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Environmental Students Work to Oust Invaders

Santa Cruz Island is about an hour by boat from the coast of Southern California. Santa Cruz was used for ranching in the 19th and 20th centuries. Now, students are helping bring wetlands back to the island. Irene Bailey works with the students. She says people brought invasive species to the island. This changed its environment.

IRENE BAILEY: "So we're trying to get the invasives, you know, removed from here and then plant in native grasses and other native vegetation that will be good for, you know, the plant community and the birds and stuff that are coming in." The students attend the Environmental Charter High School near Los Angeles. They are taking part in a national program called LEAF -- Leaders in Environmental Action for the Future. The Nature Conservancy operates the program. Keira Adams says the girls are learning about nature.

KEIRA ADAMS: "Like sometimes we will drive through a path and it feels like the Amazon, and then it will feel like the desert, and then it will feel like a tropical rain forest. Or then it'll feel like just a natural forest. So it is very interesting going through this island and feeling different types of environments." Glenda Sanchez says some students are considering careers in environmental work.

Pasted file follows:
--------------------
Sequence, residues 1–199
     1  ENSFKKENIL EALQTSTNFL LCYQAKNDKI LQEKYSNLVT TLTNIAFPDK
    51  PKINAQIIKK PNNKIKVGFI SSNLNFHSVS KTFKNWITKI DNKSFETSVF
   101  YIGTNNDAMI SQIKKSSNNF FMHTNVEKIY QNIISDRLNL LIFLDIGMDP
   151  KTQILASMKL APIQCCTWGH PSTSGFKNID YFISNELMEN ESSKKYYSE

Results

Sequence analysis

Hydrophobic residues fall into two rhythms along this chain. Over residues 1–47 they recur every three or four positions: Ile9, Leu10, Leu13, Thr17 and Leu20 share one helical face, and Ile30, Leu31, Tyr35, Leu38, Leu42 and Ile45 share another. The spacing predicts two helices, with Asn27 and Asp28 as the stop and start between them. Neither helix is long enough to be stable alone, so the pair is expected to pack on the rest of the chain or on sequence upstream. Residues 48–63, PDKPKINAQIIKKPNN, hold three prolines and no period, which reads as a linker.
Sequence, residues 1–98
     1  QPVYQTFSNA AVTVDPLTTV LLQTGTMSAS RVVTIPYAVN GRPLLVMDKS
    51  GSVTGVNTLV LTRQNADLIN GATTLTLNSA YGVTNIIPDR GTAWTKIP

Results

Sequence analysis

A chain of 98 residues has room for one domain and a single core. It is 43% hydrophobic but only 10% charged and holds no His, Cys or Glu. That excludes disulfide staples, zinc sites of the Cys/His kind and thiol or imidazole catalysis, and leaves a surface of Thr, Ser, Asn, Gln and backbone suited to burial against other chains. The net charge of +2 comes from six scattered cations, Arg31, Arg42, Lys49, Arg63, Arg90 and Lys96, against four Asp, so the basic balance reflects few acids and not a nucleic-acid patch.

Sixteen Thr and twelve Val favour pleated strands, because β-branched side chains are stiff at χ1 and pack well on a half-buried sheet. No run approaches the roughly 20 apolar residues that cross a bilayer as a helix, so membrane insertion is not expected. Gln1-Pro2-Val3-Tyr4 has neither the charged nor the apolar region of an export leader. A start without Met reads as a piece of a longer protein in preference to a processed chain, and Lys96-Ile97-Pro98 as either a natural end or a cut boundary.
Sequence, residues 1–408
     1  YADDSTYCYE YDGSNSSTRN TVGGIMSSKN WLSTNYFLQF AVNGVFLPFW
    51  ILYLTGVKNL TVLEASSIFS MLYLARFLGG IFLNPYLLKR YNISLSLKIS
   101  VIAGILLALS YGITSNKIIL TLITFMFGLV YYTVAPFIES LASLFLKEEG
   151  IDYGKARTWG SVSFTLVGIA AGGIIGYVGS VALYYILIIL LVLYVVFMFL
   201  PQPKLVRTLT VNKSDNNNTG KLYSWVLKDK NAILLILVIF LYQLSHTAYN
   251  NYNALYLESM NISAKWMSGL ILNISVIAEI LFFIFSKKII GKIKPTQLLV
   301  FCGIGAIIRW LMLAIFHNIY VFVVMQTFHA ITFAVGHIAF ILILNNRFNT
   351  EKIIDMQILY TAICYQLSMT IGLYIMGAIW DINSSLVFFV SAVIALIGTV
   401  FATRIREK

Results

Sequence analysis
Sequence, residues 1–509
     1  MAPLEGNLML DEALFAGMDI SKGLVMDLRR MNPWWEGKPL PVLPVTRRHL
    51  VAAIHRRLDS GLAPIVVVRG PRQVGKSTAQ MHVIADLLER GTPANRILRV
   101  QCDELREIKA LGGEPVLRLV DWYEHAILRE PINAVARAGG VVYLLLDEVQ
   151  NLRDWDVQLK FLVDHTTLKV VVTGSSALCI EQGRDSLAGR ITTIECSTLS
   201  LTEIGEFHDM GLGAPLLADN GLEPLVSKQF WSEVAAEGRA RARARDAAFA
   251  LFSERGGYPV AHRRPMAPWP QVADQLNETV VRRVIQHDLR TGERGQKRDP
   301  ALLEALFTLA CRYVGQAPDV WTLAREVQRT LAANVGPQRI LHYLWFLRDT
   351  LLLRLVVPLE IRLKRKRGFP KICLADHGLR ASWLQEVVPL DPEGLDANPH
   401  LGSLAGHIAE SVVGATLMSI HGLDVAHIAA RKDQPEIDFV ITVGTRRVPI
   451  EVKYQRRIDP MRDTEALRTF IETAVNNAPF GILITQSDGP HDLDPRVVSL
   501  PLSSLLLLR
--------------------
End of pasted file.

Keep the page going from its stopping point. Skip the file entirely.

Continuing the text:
GLENDA SANCHEZ: "I think our generation, where we're learning more about the environment, is crucial 'cause now we learned about it and we know what are the problems, so now we need to find a solution for them." Sharon Tam says the program helps the students learn to work with others. SHARON TAM: "Cause we are with, like, people that we're not, normally not familiar with. And then we're living together. And we have to deal with each other every day, so, like communication became really important." The students were able to explore the island for four weeks, an island so close, yet so far, from the city in which they live.